What is a Maker Night?

As part of our residency at The Public we’re hosting 6 Maker Nights.

In essence a Maker Night is a bunch of people hanging out together. It doesn’t matter what background, skills or job you have: at Maker Nights all the differences fuel each other and, as people start to dream up amazing things, it’s generally possible to pool all the bits of stuff everyone knows and end up with a collective ability to make the idea a reality.

Giving it a go is the most valuable skill you can come with.

Make Magazine published a blog post yesterday that describes a Dutch novel written during World War II. Here’s part of the story that it quotes:

We have to establish a club for boys with a technical hobby to, like Verburg so strikingly said, get grand results by cooperation. A club with its own clubhouse, where you can experiment, where you can make a mess and loud noise, where you can be your own boss and disturb nobody! A club of merely enthusiasts, of boys, who love technique, one with their hobby! A club for radio, photography, film, chemistry, electricity and more! A club that has never been, but that we will found! Our club…. The Hobby Club!Leonard de Vries, “The Boys of the Hobby Club.”

Nearly seven decades later, we can confidently replace the word ‘boys’ with ‘people’, and point to the growing number of hackspaces, makerspaces, FabLabs and craft nights that are today’s versions of the Hobby Club.

But what about this emphasis on technology?

I really like this short documentary that, amongst other things, talks about the importance of making technology accessible through looking at something, knowing it, understanding it, taking it apart, putting it back together and remaking something new.

We Make Things. from Tunnel Media on Vimeo.

Wikipedia describes Maker Culture as being an extension of “a technology-based extension of DIY culture” [source] Here’s Ken Denmead’s take on it in another recent Makezine post:

The DIY and Maker Movements [..] are filled with people who want to figure out how to make or do stuff on their own, rather than purchasing pre-packaged goods or services. Are the two movements different things? I don’t think so. I think they’re two circles on a Venn diagram that overlap almost completely. Perhaps there’s a bit more art and design in the Maker Movement circle (what we might call the “Burning Man Influence”), and a bit more changing-your-car’s-oil-in-the-driveway in the DIY circle, but otherwise the passions for creating, building, and sharing are the same.Ken Denmead, “Why the Maker Movement is Here to Stay”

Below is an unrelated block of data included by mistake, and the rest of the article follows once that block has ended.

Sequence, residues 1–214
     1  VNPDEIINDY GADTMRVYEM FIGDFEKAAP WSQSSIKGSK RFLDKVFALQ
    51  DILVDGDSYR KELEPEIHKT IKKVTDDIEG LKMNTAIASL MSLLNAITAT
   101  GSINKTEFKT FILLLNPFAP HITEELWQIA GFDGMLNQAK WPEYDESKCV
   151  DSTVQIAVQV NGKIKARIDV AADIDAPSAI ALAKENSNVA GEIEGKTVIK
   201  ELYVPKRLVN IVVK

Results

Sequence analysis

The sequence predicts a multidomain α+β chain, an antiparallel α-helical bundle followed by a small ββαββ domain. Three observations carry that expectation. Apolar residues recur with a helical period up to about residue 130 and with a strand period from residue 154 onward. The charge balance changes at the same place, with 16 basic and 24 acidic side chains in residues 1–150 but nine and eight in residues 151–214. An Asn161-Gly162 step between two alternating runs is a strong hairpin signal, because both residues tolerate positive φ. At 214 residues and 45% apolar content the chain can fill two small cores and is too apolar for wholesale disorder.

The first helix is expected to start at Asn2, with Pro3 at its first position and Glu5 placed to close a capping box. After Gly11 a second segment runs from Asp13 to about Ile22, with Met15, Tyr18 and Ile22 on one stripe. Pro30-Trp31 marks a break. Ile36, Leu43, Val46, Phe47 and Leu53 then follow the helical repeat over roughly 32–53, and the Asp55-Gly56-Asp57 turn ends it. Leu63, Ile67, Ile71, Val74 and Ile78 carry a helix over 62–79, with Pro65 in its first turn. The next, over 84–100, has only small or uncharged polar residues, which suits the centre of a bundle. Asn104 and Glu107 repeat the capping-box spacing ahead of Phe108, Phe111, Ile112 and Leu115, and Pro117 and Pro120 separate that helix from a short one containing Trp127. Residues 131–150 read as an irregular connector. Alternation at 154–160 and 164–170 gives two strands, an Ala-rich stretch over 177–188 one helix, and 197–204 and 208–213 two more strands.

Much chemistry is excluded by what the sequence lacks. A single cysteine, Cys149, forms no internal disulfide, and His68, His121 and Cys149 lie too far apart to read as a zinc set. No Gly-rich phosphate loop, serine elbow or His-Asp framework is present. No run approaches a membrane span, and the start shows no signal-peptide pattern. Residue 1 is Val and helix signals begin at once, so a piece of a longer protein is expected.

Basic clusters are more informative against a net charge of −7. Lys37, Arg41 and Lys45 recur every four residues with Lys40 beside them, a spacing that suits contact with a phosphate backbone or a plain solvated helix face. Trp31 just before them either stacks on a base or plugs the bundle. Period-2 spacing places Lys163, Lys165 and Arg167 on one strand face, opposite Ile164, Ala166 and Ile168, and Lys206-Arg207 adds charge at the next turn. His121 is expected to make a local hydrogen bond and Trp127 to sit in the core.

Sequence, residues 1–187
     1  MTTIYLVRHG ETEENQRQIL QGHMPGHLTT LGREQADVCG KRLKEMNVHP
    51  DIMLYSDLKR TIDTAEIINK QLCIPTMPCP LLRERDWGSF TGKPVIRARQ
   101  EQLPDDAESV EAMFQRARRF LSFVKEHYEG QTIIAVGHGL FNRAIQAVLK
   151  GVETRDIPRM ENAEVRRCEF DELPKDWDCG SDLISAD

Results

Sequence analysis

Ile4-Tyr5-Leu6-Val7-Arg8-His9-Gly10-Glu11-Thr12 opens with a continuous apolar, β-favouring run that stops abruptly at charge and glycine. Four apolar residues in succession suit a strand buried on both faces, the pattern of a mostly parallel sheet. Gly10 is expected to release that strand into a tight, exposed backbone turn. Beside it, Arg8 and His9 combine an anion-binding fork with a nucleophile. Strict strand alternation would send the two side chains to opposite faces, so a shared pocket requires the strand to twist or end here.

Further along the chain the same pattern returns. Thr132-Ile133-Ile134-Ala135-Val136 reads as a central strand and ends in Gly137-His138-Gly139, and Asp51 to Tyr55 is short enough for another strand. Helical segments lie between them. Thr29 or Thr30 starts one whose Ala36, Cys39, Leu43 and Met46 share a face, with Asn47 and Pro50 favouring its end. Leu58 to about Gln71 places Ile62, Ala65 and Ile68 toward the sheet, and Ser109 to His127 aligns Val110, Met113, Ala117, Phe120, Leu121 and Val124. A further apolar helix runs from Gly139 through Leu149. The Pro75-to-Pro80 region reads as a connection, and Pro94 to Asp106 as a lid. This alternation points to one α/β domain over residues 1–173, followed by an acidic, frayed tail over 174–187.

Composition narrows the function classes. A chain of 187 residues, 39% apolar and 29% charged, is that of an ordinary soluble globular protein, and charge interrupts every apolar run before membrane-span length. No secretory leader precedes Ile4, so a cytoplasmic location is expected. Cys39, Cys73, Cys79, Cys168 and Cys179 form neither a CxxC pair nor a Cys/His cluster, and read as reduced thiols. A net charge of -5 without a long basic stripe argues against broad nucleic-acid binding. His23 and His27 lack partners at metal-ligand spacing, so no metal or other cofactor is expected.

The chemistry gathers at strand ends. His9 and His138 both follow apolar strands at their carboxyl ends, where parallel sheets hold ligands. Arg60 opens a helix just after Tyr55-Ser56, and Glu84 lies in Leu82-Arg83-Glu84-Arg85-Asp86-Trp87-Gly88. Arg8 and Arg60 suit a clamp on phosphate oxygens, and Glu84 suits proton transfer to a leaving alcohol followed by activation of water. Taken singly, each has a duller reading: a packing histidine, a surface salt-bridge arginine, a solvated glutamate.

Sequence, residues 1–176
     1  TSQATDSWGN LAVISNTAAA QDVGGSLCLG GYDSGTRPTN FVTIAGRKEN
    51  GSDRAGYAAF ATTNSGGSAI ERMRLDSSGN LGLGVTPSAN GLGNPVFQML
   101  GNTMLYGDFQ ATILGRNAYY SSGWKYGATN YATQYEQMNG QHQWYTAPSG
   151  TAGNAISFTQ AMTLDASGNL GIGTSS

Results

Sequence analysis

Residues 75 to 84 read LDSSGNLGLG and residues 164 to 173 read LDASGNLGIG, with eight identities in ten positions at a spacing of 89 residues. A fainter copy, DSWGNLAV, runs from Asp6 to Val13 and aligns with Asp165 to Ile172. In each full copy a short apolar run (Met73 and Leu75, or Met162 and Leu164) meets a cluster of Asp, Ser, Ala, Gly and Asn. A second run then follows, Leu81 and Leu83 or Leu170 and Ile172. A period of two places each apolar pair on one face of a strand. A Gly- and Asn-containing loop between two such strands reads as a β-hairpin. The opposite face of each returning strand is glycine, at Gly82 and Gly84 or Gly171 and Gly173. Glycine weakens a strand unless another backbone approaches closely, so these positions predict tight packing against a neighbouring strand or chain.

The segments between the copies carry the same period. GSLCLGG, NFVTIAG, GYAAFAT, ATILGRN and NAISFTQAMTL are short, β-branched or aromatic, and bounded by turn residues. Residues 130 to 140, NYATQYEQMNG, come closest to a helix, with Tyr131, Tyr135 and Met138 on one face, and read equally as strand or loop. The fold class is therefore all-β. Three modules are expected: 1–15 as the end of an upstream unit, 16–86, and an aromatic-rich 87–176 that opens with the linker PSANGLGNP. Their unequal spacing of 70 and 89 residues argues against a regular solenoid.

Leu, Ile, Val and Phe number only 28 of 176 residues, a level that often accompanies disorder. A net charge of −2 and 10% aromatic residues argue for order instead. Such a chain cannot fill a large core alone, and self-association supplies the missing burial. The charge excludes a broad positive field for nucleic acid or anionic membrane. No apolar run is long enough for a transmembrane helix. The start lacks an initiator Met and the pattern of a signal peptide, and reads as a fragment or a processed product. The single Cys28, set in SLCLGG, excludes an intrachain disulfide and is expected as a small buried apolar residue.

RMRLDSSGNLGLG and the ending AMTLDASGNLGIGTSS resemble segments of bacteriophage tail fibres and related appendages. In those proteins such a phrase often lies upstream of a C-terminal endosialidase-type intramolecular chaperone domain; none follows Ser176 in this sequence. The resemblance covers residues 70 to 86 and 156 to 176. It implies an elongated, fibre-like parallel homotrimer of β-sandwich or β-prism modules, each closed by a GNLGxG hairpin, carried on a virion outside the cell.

For me the Maker Nights are all about the people who come to them and the unpredictable things that bubble up out of conversations. They’re what you make them.

Perhaps this post should have been titled “Why is a Maker Night”. I think the answer to that involves a combination of “because it’s important” and “because we all have an urge to dream and to make things”.

Our first Maker Night is on Tuesday – see you there.

Mitch Altman on Hackerspaces, and the Pluses and Minuses of Technology

Mitch Altman, one of the co-founders of the Noisebridge hackspace in San Francisco, was recently in Bristol talking about the pros and cons of technology.

Here’s an excerpt of his presentation at the Pervasive Media Studio in which he encourages us to be aware of the implications of the technologies in our lives.

If this is your first encounter with the idea of hackspaces, then we think Noisebridge is as good an example of any to show some of the possibilities involved.

Here’s the wikipedia definition of a hackspace:

A hackerspace (also referred to as a hacklab, makerspace, or hackspace) is a community-operated workspace where people with common interests, often in computers, technology, science, digital art or electronic art, can meet, socialise and/or collaborate.Hackerspace

…and here is a passage Noisebridge had on their wiki:

Noisebridge is a space for sharing, creation, collaboration, research, development, mentoring, and of course, learning. Noisebridge is also more than a physical space, it’s a community with roots extending around the world. […] We make stuff. So can you.

We love this video, too:

QUEST on KQED Public Media.

All of these put the emphasis on community and the uniqueness that comes from the people involved.

We’re running some fortnightly Maker Nights at The Public over the summer. Think of them as mini hackspaces.

Come along and be a part of the community.

Getting started


Although we’ve been plotting towards this summer of great stuff for a good few months now, yesterday felt like an official beginning.

I went to The Public to check out our new home for the next couple of months and start getting to know people. There was loads going on, but I managed to meet lots of the staff and also the resident knitting group who were busy working away in one corner of the café.

I had to ask one of the ladies to show me what she was doing, but really, really slowly – my eyes just couldn’t keep up with what her fingers were doing! I learned about ‘tatting’ – not something I had come across before and also had some really interesting conversations about our plans for skills sharing and mixing up tech and traditional crafts.


There’s got to be something we can do with these at some point too!

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